Here's today's example:
Chimpanzees like to snack on termites, and youngsters learn to fish for them by poking long leaf spines and other such tools into the mounds that colonies build.
In a paper to be published in the journal Animal Behavior, researchers found that female chimps in the Gombe National Park in Tanzania picked up termite fishing at a mean age of 31 months, more than two years earlier than the males.
The females seem to learn by watching their mothers, said the paper's author, Dr. Elizabeth V. Lonsdorf, director of field conservation at the Lincoln Park Zoo in Chicago.
Dr. Lonsdorf said that typically, when a young male and female are near a mound, "she's really intently termite fishing, and he's spinning himself in circles."...
[Under experimental conditions], adult females were [using the leaf tool] and a young female watched carefully and began to pick up the skills, she said. Two young males did not fare as well - one simply sat next to his mother and tried to steal some mustard from her, Dr. Lonsdorf said.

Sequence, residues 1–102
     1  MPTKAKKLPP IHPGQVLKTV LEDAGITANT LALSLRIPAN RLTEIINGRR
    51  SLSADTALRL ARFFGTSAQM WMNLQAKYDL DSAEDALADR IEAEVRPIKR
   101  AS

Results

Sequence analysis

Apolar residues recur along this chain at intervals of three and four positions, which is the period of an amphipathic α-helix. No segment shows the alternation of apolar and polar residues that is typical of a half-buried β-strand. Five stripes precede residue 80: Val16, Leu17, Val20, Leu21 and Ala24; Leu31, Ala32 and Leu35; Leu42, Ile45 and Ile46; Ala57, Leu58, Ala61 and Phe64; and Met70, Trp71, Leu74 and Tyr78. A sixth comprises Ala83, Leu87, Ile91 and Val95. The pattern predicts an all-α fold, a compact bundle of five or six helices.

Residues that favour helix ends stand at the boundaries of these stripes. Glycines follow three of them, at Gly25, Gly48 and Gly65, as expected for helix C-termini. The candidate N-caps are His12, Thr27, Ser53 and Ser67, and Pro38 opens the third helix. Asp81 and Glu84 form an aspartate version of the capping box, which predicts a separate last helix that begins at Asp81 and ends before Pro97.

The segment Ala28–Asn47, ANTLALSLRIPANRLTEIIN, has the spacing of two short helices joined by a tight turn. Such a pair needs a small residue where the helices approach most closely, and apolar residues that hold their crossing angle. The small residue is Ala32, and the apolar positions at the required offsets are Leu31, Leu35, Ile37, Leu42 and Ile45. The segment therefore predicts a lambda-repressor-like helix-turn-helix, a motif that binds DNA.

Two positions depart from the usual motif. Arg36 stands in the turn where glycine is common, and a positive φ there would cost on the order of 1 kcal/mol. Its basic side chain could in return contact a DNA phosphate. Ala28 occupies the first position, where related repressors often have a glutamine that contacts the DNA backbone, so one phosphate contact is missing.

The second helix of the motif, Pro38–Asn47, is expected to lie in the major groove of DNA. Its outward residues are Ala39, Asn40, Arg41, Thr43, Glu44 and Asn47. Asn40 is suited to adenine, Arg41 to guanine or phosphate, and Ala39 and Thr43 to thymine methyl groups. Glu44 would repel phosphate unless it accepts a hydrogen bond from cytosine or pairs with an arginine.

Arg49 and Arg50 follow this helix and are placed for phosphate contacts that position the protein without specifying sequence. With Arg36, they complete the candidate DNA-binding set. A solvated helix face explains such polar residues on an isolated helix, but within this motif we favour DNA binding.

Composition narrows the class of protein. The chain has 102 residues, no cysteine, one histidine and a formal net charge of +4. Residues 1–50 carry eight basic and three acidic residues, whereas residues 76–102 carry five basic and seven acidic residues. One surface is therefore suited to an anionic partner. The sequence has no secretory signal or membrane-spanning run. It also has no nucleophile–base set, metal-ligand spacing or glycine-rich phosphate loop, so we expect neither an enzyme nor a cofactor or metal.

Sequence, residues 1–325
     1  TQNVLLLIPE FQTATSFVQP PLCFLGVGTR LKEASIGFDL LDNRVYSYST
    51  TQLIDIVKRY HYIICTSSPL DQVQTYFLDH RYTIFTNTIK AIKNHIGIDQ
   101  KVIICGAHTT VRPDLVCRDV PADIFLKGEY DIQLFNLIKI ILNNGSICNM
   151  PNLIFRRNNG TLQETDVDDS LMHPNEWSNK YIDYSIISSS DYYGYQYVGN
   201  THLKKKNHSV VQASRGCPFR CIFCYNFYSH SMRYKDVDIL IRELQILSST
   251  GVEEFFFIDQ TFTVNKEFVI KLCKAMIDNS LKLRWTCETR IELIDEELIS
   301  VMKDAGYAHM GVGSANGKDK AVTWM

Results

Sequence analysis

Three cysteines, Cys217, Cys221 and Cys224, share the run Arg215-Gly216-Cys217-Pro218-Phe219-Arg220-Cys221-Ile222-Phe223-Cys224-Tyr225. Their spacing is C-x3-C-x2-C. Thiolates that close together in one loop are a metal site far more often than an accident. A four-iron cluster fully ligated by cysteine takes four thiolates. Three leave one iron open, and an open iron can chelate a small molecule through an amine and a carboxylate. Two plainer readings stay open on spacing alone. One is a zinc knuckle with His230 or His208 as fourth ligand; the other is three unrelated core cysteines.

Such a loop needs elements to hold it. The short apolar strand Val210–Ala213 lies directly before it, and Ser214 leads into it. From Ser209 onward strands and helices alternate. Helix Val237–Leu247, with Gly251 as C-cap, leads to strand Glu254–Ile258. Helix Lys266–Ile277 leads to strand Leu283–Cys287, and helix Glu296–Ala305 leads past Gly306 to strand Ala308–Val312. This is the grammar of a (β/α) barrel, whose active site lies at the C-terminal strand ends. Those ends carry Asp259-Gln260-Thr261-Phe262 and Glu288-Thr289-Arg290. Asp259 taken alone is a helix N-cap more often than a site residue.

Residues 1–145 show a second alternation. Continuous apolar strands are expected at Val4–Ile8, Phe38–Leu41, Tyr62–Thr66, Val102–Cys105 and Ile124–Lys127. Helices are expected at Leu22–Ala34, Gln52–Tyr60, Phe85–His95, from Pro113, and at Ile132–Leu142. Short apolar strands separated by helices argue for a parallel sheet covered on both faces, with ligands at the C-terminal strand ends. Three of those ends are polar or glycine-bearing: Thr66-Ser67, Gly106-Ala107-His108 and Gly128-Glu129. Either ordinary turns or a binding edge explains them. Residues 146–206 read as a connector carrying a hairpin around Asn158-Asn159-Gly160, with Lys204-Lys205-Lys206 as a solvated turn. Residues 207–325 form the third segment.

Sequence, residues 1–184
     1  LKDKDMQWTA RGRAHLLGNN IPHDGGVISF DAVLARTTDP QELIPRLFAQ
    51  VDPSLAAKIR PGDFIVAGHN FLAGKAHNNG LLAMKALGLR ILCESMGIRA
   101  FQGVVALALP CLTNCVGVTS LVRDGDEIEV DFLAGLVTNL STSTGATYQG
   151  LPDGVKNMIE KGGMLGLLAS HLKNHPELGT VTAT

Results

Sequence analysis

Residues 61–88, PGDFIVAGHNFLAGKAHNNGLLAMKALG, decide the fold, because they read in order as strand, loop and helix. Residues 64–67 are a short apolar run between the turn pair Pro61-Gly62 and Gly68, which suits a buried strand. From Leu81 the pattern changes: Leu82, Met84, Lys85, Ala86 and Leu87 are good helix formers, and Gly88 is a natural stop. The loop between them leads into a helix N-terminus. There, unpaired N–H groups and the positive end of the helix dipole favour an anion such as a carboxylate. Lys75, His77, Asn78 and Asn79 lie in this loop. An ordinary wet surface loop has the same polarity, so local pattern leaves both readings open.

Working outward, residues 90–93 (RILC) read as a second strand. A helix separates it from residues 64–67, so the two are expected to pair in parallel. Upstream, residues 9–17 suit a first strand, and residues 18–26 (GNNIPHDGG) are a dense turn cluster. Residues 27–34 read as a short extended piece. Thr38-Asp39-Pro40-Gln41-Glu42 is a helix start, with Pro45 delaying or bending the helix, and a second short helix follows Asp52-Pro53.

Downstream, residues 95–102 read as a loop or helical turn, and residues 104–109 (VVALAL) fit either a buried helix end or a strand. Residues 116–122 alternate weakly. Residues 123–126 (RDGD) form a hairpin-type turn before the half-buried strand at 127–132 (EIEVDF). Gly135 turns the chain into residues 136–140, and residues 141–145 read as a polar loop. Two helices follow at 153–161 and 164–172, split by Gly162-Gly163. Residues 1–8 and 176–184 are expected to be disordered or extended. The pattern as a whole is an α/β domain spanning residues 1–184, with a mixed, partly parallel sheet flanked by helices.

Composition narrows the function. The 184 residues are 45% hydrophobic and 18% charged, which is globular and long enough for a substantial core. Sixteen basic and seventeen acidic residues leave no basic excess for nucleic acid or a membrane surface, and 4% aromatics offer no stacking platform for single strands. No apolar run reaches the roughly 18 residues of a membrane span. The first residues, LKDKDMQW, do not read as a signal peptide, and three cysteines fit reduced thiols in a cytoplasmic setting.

The behavior of both sexes may seem familiar to many parents, she said, adding, "The sex differences we found in the chimps mimic some of the findings from the human child development literature."
She pointed out, however, that at least in the case of chimps, each is doing something important, since the males' play is practice for later dominance behavior.
"They're doing stuff that's really appropriate," she said.